The founder of a Chatsworth equestrian program for the disabled will serve as head coach at a special weeklong riding camp sponsored by the U.S. Olympic Committee and the U.S. Cerebral Palsy Athletic Assn.
The camp will be held at the Kellogg Arabian Center at Cal Poly Pomona starting June 25. Thirty-six physically disabled riders will train with internationally recognized judges and clinicians to improve their chances of winning major competitions at the national and international levels.
"Most disabled riders don't have access to the top-level coaching you need to compete internationally," said Gloria Hamblin, founder of Ride On, an equestrian program for the disabled in Chatsworth.
Hamblin said she hopes the camp will give riders a better chance to be on the U.S. equestrian team that will compete in the 1996 Paralympics to be held in September in Atlanta.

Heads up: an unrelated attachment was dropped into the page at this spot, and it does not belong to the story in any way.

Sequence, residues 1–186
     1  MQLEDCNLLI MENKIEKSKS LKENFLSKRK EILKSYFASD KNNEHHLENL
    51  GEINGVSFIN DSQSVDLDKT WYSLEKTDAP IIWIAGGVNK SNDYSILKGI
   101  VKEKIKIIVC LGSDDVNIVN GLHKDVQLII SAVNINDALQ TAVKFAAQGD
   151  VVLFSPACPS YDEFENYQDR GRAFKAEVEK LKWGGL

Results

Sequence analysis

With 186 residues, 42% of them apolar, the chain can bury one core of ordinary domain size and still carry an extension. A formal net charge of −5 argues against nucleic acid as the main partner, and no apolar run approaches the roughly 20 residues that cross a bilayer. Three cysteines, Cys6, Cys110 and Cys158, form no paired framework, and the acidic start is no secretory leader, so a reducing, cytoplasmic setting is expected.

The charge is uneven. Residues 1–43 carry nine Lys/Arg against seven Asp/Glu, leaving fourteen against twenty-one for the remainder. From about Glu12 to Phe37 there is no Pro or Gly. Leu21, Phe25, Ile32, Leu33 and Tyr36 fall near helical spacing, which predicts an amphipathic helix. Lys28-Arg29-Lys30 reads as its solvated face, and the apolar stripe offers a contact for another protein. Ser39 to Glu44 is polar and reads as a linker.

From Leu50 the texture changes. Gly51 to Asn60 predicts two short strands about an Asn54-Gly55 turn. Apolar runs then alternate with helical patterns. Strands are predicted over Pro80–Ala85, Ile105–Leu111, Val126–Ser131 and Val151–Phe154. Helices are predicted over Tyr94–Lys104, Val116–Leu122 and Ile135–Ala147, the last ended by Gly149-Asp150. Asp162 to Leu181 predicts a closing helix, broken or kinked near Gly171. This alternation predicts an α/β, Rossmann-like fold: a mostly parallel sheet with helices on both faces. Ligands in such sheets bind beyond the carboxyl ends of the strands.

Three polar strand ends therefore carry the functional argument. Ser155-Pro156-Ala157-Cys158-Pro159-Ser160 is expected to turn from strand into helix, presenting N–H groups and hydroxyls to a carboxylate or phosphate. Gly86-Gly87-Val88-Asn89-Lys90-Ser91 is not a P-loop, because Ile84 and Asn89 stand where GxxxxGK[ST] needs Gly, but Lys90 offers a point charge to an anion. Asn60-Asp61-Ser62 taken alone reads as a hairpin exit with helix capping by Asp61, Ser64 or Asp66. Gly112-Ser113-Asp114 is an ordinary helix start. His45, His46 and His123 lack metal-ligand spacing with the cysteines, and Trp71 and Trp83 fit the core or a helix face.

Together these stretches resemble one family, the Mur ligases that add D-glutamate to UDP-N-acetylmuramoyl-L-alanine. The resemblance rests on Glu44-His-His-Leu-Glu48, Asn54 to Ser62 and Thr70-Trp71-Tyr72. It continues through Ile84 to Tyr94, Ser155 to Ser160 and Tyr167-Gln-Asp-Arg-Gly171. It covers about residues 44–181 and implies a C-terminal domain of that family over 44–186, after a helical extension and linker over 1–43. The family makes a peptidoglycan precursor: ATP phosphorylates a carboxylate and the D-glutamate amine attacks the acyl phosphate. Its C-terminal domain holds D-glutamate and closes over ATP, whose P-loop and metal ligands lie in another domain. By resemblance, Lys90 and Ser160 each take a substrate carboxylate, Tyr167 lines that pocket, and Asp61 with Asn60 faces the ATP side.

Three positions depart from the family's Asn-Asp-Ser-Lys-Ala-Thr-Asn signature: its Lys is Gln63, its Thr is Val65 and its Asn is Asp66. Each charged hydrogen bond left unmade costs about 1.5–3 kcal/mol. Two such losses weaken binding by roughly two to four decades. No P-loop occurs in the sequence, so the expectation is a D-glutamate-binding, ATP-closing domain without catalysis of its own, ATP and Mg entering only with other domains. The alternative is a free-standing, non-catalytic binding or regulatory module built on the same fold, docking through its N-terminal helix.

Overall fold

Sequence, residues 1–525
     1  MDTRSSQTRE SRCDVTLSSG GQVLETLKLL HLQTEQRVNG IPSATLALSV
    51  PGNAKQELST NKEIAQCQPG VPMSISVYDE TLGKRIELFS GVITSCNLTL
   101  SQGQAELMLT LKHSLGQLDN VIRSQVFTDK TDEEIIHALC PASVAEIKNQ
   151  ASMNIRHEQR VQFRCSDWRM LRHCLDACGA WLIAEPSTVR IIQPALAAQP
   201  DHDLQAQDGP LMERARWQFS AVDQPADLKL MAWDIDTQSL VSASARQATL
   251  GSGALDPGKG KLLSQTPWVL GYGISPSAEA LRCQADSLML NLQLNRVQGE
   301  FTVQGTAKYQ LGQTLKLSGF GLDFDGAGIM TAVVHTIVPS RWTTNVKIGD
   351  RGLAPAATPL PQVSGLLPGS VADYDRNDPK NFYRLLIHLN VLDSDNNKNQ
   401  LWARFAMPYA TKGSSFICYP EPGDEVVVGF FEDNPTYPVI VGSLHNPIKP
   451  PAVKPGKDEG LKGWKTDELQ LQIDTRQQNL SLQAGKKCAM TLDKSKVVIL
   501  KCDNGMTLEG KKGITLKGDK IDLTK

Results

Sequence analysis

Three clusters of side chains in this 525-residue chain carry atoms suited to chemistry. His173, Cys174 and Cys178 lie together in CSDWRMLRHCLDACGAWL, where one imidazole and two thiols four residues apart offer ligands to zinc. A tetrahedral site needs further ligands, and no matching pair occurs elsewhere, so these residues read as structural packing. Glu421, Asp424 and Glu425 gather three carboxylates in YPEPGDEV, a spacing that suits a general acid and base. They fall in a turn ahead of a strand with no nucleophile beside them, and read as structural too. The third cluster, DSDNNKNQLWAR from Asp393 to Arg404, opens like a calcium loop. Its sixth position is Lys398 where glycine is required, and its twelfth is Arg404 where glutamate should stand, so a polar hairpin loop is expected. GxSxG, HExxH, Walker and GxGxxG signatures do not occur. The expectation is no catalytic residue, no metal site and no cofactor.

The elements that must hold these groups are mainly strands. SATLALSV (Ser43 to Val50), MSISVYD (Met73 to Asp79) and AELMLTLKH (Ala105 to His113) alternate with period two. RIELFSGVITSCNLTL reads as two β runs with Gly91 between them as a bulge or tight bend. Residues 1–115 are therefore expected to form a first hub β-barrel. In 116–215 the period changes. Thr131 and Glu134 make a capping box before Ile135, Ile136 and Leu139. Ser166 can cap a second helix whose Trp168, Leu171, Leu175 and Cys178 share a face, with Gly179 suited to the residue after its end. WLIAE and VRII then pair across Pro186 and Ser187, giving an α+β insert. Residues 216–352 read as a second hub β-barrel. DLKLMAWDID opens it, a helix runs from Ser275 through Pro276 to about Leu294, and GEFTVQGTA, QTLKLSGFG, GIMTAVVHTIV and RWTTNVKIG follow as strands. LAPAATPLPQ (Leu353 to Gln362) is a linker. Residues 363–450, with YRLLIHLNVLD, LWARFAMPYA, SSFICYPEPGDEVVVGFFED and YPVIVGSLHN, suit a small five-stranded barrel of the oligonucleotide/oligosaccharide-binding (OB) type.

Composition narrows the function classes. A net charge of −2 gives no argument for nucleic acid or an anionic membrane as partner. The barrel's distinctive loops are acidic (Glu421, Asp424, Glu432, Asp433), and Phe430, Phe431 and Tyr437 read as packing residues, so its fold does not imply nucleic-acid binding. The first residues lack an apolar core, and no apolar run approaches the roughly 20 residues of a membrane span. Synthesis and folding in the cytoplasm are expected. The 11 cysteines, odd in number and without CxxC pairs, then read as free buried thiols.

The camp, the first sponsored by the Olympic committee, will help riders hone their technique under the eye of discriminating equestrian experts, Hamblin said.
Those who will attend the camp come from throughout the country, including New York, Washington, Missouri and Texas. Riders from San Francisco and San Diego qualified for the camp, Hamblin said, although none of the approximately 20 disabled persons from her program made the cut.
Expenses will be covered under a $36,000 grant from the Olympic committee, said Judy Serie Nagy, the camp director.
Nagy noted that as a sport, competition-level equestrian for disabled riders has grown in the last 10 years.
"The medical establishment has discovered that riding a horse for therapy is even better, in some cases, than clinical therapy," Nagy said. "Imagine a person who's been in a wheelchair their entire life who suddenly gets up on top of a horse, and has control. There's benefit from the subtle stretch of muscles, in addition to the psychological and emotional" benefits, Nagy said.
The camp will culminate in a dressage show open to the public. For more information, call (818) 700-8412.